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Alyssa Lazar

  • LazarWest Virginia University, BA in Psychology and English with a concentration in Professional Writing & Editing, 2016
  • Juris Doctor Candidate, 2019
  • Duquesne University School of Law
  • Pittsburgh, PA

A lot of people think taking English courses is easy. They think that because English is their first language and is the language we speak, anybody can write well. They are wrong. It takes a special kind of talent to be able to convey ideas through writing in a way that is both compelling and meaningful to their audience. The Professional Writing and Editing Program at WVU is a valuable resource at WVU for developing sharp writing skills that you will utilize for a lifetime.

I learned this while obtaining my B.A. in English with a Concentration in Professional Writing and Editing from West Virginia University, and I continue to learn this as a law student at Duquesne University School of Law.

Legal writing (and research) is challenging. Why? Legal writing is intense. Not only do I have to think about my audience, grammar conventions, syntax rules, and word choice – all those things I had to think about while writing papers in undergrad – but now I have to think about conciseness and accuracy, facets of legal writing. I write everyday in law school. One day when I become a lawyer, I will write even more. And when I do, my writing will be a culmination of skill I’ve practiced since starting in the English department at WVU.

Legal writing is HARD. It’s a new style of writing. Nonetheless, I am still expected to utilize basic writing techniques. If I didn’t have a thorough background in English, I would be lost, like a lot of people without these backgrounds are in law school. I am extremely thankful to have acquired an education in professional writing that aids me as I pursue a legal career. Without a significant background in writing, writing in law school would be much more challenging. Even taking exams would be more stressful because they are all essay writing. Since all the grades in law school are graded on a curve, and everyone knows the material just as well as the guy sitting next to them, grades really depend on who can convey their ideas on a timed essay the best.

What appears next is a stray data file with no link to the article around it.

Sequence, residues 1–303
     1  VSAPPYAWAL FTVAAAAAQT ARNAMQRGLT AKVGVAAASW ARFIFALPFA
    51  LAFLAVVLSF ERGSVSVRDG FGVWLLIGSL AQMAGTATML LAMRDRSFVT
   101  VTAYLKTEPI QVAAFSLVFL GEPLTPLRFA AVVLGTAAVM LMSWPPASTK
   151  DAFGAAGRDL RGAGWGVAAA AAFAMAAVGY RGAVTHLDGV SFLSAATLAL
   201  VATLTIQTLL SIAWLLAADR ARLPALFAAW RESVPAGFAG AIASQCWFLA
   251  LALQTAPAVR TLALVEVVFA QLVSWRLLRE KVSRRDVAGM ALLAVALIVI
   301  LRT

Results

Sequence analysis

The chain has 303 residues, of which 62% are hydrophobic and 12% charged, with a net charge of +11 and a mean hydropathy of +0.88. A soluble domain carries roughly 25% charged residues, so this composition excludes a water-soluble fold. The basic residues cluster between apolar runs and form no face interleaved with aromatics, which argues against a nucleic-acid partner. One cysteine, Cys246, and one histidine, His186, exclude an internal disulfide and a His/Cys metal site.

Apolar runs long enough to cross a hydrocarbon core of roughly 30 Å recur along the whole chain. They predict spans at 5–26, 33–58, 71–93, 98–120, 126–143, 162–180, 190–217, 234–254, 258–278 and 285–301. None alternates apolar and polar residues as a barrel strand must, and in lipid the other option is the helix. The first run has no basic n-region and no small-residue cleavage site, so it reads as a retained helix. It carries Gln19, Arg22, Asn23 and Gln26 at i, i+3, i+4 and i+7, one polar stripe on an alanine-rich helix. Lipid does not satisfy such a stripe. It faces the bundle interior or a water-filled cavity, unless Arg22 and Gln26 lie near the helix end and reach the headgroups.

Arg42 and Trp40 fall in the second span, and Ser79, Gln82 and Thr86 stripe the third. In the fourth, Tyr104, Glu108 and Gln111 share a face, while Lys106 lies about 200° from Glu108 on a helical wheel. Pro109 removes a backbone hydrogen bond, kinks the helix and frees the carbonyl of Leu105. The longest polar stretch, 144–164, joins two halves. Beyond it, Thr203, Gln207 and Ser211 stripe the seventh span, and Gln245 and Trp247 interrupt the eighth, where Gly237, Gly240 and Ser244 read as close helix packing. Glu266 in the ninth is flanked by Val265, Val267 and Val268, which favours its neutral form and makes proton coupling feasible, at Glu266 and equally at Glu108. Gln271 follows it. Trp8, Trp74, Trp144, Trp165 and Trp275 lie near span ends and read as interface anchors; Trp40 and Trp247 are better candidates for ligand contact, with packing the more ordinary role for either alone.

Writing is an ESSENTIAL skill for being a successful lawyer. If you can’t write well, you can’t be a competent lawyer. You can’t be a competent lawyer if you can’t write well. I could repeat this over and over again to emphasize just how important writing is in law school and the legal field. Writing was THE most important skill I mastered in the PWE program at WVU, and is THE most important skill I will use the rest of my career.